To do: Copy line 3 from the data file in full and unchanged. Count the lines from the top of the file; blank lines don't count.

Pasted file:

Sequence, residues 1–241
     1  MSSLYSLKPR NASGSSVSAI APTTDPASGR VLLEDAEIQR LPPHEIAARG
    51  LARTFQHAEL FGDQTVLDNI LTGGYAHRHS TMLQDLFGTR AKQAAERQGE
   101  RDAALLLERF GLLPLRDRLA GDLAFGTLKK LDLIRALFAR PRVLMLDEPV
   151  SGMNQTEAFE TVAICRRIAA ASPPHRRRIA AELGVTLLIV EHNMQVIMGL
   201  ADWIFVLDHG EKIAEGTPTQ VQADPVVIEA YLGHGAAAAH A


    51  LARTFQHAEL FGDQTVLDNI LTGGYAHRHS TMLQDLFGTR AKQAAERQGE